Not all caffeinated drinks created equal

On Tuesday, I reported on the many health benefits of drinking coffee. But don’t be fooled into thinking all caffeinated drinks confer benefits. Far from it.

Take so-called “energy drinks,” for example. These trendy, caffeinated beverages can actually harm your health. But few people know about their dangers, as evidenced by growing global sales.

Energy drink sales in this country now reach well over $10 billion dollars a year. Plus, the industry aggressively markets to teens and young adults. And their marketing strategies seem to work all too well! In fact, one-third of teens and one-half of young adults ages 18 to 24 say they regularly use energy products.

Manufacturers claim their drinks give you more energy. That they make you feel more awake. And that they boost your attention span. You get all this, they say, without taking an actual drug. But at least when you take an actual drug, you do it knowing there’s a risk for harm. With an energy drink, teens think they’re taking something harmless. But nothing could be further from the truth.

A far cry from a cup of joe

Yes, caffeine is the central ingredient in most energy drinks. But they are a far cry from a cup of joe.

For one, today’s energy drinks often contain up to five times as much caffeine as you get in a regular cup of coffee. In fact, many energy drinks contain up to 500 mg of caffeine in just one serving. By comparison, an 8-ounce cup of standard brew coffee only contains about 100 mg of caffeine. Plus, with coffee, you get many other beneficial ingredients, such as antioxidants.

Furthermore, some energy drinks contain as much as 70 grams of sugar, which equates to about 18 teaspoons. So really, you get a sugar boost by drinking these beverages — the worst kind of artificial energy boost of all.

Companies use sneaky tactics to hide the caffeine content of their drinks

Many companies add “natural ingredients” to make their beverages sound healthy. Some of the popular additives are gingko, milk thistle, taurine, guarana (a plant source of caffeine), B vitamins, licorice, and ginseng.

But they clearly have an ulterior motive. Adding these “natural ingredients” allows them to classify their product as a “dietary supplement” rather than a food product. And supplements aren’t required by the FDA to disclose caffeine content on product labels.

Serious, permanent side effects

Previous studies show consuming just one energy drink can increase blood pressure, sometimes to unhealthy levels. Worse yet, energy drinks can even cause abnormal heart rhythms and other cardiovascular complications, according to a new report from the University of Florida.

The report details the case of a 28-year-old man treated in an emergency room after he vomited blood. His test results were normal, except for an elevated heart rate of about 130 beats per minute. An electrocardiogram detected atrial fibrillation — an abnormal rhythm that can result in serious complications.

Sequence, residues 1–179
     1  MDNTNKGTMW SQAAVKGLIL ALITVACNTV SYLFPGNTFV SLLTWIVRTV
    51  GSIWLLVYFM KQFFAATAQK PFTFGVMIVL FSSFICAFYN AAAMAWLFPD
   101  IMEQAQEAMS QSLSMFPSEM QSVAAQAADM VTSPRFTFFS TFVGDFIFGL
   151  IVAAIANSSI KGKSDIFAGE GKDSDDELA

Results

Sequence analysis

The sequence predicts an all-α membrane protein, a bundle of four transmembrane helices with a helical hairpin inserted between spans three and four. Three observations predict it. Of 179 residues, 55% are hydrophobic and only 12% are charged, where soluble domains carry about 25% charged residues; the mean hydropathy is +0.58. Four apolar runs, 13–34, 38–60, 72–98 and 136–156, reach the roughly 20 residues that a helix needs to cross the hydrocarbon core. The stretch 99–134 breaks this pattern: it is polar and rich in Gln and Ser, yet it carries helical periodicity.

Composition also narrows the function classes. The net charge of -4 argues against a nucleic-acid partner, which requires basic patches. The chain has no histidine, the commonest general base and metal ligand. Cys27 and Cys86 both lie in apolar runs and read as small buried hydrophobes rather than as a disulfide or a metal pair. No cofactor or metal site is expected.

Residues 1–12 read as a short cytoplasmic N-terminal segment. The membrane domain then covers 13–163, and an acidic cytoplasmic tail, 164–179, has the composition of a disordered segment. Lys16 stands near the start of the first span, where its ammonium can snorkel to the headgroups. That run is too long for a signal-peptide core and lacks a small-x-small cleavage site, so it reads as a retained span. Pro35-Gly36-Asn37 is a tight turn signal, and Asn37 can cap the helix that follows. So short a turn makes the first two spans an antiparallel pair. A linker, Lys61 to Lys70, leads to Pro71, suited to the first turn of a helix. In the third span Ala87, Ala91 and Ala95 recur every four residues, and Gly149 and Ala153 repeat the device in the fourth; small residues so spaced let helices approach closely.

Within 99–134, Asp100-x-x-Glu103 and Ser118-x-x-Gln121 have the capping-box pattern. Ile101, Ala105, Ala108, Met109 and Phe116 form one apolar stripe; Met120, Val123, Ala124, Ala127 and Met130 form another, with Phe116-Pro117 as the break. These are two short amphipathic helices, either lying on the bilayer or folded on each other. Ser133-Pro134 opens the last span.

The patient reported that he typically drank just two energy drinks per day, which each contained 160 milligrams of caffeine.

The researchers concluded that energy drink consumption “played a key role” in the atrial fibrillation. In the report, they wrote, “While the effects of long-term consumption of [energy drinks] are unknown, it may be reasonable to limit their use, especially in combination with alcohol or illicit substances and in patients predisposed to arrhythmias,” which brings me to my next point…

Never combine energy drinks with alcohol

Most people don’t realize exactly why combining an energy drink with alcohol is so dangerous. But just ask your local medical examiner. He or she sees the deadly results far too often.

You see, caffeine is a stimulant. So it can mask some of the cues you use to judge levels of intoxication and impairment. You feel alert, but your blood alcohol level is still very high.

In addition, energy drinks and alcohol can cause dehydration. And dehydration can block your body’s ability to metabolize alcohol, which will increase the toxicity. Therefore, the next day, you can expect a brutal hangover, if not worse.

Energy drinks bad for teens, bad for brains

According to another recent study, teens who downed five or more energy drinks over the course of a week were seven times more likely to have suffered a head injury (traumatic brain injury or TBI) in the past year compared to teens who didn’t drink these “boosters.” Similarly, consuming energy drinks mixed with alcohol raised the likelihood of having had a TBI within the past year.

Energy drinks could also interfere with a teen’s recovery from a TBI, said lead author Michael Cusimano, M.D., a neurosurgeon at St. Michael’s Hospital and professor of neurosurgery at the University of Toronto in Canada.

“Energy drinks contain high levels of caffeine and change the chemical state of the body, which can prevent people from getting back on track after a brain injury,” according to Dr. Cusimano.

Bottom line?

Go ahead and drink three to four cups of coffee a day. But avoid these dangerous energy drinks. And make sure the teens and young adults in your life know about the potentially deadly risks of that seemingly innocent “kick start.”

Sources:

“Energy Drinks, Alcohol, Sports and Traumatic Brain Injuries among Adolescents,” PloS One (www.journals.plos.org) 9/2015

“Officials Seek Energy Drink Information,” New York Times (www.newyorktimes.com) 1/18/2013

“Energy Drink Consumption and Cardiac Complications: A Case for Caution,” Journal of Addiction Medicine July/August 2016; 10(4): 280–282


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